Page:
December 11, 2021

Journalists are rising to another disaster that will unfold for months. Weather experts say that four tornadoes likely cut through Kentucky overnight. Instead of families gathering for Christmas, many will gather for funerals. By some estimates, the death toll will reach 100.

The damage stretches from the western part of the state all the way to Bowling Green, which is close to 140 miles east. Factory roofs collapsed; trees pierced rooftops. Many of the communities in that part of Kentucky are served by understaffed fire and ambulance teams.

Social media sites are peppered with videos of neighbors searching for neighbors.

WPSD (Paducah) news director Perry Boxx summed up the weeks ahead to me.

“We have big sections of whole towns gone. We don’t even know how bad some places were hit. We have crews everywhere, and they were already exhausted before this.”

Some of the first images of damage from Mayfield, Kentucky were captured by WPSD vice president and station manager Bill Evans, who was a longtime journalist before moving to the front office.

I can offer some advice for the days ahead:

Out of town crews: Stay out of the way and cause no harm. Do nothing that will put yourself in harm’s way. Emergency crews have enough to tend with without having to rescue you.

Stay on the story: One thing I know to be true about news coverage is that more coverage leads to more help. When you quit covering a story, the country’s attention moves on, especially in a holiday season when the public needs a break from sad news.

Avoid stereotypes: I grew up in the part of Kentucky that is suffering today. I know each of these communities intimately. I cannot tell you how grating it is when I see big-city journalists portray Kentuckians as backwater hicks. Be kind.

Keep asking why: I searched Kentucky tornado fatality statistics for the last several decades. In 2012, 23 Kentuckians died in the storm or soon after. This storm will be compared to the storms of April 1974, which claimed 72 lives and hurt around 1,500 others. That storm was east and west of Louisville. March storms in 2012 caused more than $150 million in damage but no deaths. The tornado project tracks the history of tornadoes for every Kentucky county. I did find a reference to a tornado that hit Graves County (Mayfield) in 1967 on Dec. 11, this very date. Some of the counties that lost lives have no record of any fatalities from tornadoes going back decades. The state averages about 21 tornadoes a year.

Throughout history, nearly all of the storms were springtime events. Click on this chart to get details:

(National Weather Service)

Check charities before you send people to them: The sad truth is that irresponsible charities and opportunists will swoop in. Before you link to any charity, at minimum, pull their Form 990 report to see how much they spend on operations, fundraising and “programs.” Program spending is what they spend on the actual purpose of their being. Guidestar and Charity Navigator are two places to start.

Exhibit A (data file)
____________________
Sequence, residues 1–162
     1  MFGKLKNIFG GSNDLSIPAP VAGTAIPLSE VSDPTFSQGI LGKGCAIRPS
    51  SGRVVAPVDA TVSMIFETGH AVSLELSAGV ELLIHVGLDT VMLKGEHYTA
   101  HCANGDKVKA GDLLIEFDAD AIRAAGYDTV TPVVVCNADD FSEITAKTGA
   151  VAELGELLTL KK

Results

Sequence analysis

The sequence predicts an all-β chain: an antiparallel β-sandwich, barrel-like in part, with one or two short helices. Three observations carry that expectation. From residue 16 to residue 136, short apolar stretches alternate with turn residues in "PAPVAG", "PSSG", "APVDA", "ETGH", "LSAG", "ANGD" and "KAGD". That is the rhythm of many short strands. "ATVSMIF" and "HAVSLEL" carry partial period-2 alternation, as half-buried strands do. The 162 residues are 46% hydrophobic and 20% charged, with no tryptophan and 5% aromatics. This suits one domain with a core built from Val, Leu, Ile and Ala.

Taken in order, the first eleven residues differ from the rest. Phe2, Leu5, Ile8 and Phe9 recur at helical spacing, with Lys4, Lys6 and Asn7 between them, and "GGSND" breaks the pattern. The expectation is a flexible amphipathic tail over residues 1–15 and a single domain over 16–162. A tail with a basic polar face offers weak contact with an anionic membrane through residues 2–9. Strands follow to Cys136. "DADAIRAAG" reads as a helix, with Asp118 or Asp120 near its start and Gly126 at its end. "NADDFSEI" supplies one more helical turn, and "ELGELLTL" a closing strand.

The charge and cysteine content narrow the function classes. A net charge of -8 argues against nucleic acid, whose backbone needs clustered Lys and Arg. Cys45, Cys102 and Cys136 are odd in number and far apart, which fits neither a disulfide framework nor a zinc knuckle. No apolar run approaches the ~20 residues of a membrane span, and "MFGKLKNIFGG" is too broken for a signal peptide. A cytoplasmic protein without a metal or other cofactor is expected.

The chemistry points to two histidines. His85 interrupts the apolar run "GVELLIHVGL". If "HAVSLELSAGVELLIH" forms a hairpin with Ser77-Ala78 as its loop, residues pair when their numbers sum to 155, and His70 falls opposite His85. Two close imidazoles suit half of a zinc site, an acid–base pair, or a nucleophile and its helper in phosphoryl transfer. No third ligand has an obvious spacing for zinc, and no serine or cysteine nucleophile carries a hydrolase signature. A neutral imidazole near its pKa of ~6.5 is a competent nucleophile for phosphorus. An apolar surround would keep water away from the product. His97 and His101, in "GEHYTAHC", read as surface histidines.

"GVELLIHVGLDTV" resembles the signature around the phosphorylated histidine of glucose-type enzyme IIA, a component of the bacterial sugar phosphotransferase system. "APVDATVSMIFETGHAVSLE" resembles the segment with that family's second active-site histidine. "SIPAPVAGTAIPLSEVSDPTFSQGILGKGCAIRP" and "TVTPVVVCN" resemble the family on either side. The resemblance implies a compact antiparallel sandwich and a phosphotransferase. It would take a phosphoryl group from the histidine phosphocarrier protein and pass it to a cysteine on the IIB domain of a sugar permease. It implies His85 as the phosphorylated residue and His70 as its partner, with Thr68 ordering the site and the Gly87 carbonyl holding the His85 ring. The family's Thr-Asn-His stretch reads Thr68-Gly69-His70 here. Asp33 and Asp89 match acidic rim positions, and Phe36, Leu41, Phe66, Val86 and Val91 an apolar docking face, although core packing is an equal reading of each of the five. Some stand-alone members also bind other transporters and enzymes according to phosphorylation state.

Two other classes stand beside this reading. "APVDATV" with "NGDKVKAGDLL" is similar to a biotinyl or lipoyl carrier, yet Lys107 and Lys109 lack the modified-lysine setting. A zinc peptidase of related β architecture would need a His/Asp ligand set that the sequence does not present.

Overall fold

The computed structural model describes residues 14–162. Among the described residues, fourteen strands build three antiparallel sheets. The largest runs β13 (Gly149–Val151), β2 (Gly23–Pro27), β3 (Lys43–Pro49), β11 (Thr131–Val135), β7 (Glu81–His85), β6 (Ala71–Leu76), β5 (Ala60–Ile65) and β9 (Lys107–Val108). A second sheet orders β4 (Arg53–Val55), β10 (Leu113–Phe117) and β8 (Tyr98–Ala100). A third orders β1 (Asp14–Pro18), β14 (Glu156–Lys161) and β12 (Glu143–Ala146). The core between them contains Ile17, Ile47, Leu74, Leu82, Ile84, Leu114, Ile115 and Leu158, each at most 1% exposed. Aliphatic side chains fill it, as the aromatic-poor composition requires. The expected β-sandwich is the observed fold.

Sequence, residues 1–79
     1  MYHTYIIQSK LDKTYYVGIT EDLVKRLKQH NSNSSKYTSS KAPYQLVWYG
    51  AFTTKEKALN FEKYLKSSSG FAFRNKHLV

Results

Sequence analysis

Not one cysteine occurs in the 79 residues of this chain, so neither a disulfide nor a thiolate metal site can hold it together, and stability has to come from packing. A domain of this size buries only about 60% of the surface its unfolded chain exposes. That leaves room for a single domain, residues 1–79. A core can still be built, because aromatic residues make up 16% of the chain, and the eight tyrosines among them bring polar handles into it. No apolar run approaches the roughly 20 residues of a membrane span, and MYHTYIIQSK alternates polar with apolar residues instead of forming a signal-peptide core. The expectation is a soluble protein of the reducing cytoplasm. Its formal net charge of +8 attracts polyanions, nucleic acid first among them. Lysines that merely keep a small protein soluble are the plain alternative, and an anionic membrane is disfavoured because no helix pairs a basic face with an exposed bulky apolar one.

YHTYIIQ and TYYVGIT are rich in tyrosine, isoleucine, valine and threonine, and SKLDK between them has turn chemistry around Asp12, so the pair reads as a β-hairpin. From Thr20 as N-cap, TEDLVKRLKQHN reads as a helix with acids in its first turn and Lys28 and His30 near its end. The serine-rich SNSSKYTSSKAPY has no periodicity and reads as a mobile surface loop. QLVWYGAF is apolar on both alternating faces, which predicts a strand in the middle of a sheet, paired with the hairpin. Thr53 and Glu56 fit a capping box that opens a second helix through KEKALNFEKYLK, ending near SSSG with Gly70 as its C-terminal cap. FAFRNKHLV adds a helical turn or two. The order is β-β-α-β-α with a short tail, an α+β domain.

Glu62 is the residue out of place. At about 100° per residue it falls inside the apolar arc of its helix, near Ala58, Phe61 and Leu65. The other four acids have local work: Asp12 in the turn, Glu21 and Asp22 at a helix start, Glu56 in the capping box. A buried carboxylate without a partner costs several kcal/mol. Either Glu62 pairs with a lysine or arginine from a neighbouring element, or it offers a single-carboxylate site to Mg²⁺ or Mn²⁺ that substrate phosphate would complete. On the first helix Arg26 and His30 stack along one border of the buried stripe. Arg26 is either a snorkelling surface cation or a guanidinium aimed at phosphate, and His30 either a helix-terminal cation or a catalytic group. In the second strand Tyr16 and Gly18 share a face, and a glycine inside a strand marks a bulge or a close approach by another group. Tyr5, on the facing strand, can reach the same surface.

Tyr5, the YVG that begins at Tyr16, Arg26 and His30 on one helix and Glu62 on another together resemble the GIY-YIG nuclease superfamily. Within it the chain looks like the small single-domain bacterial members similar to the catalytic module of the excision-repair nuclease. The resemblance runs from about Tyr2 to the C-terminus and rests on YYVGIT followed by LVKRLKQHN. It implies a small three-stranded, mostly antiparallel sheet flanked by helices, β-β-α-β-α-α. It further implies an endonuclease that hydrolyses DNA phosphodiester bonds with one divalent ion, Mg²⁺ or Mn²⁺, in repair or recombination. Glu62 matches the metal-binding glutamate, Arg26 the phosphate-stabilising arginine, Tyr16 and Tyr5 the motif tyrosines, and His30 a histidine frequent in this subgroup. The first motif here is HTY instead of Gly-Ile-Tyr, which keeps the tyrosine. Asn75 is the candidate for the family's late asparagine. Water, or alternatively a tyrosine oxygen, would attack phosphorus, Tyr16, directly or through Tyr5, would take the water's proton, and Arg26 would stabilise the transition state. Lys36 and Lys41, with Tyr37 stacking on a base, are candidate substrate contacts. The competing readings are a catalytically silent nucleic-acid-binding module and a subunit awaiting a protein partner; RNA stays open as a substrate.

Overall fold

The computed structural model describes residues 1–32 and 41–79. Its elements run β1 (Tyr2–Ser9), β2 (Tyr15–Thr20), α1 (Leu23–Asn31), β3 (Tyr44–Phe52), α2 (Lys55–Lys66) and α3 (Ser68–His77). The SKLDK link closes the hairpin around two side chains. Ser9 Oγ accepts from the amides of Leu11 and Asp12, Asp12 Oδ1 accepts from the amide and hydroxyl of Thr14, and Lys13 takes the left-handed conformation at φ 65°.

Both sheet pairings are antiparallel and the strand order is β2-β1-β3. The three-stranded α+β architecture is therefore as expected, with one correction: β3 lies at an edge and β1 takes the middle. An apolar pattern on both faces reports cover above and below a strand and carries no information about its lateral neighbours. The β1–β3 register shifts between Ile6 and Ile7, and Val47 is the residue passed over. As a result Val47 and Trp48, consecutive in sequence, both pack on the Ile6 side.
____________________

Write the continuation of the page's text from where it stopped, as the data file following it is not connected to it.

Urge people to avoid donating useless items: It sounds so cold to urge people to donate money and not things like baby clothes, but emergency services can purchase supplies in massive quantities for far less than you can buy them. Time and again charities tell stories of having to sort through useless junk, dirty clothes, worn-out shoes and even medicine.

Think forward: Covering disasters involves thinking forward and looking backward. You can get so caught up in capturing images of what was lost that you can ignore covering what the public needs next. What are the housing needs for people who have lost homes in rural areas? They don’t have hotels to move into for months. You can bet many do not have insurance to cover the damage. Businesses rely on the holiday season to create enough revenue to survive the rest of the year. What happens when people leave, when the business is damaged? How will understaffed volunteer emergency teams keep going long term?

Look for the light: The best of humankind can emerge in the worst situations. Tell those stories, too. There will be incredible acts of generosity, heroism and dedication. The public needs to see these and you need to tell those stories.

Take care of your own mental health: Journalists, you have been through the grinder in the last two years. You covered a racial reckoning and emotionally draining trials. You covered the pandemic while your children stayed home from school and you worried about aging parents. You covered an insurrection in the nation’s capital. You worried about your job and endured public scorn. You covered school shootings and a head-shaking election cycle. You have done all of this stuck at home, often working without the face-to-face support of your colleagues. For the next few weeks, you will see people cry over all they lost, you will hear heartbreaking stories of people who died, and it will hurt every time. You will get through it because it is what you do. But sometime — you decide when — you are going to have to stop and deal with what you feel. That is not weakness, it is strength. Notice when your colleagues are hurting and reach out to them. Check on your bosses, too.

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Al Tompkins is one of America's most requested broadcast journalism and multimedia teachers and coaches. After nearly 30 years working as a reporter, photojournalist, producer,…
Al Tompkins

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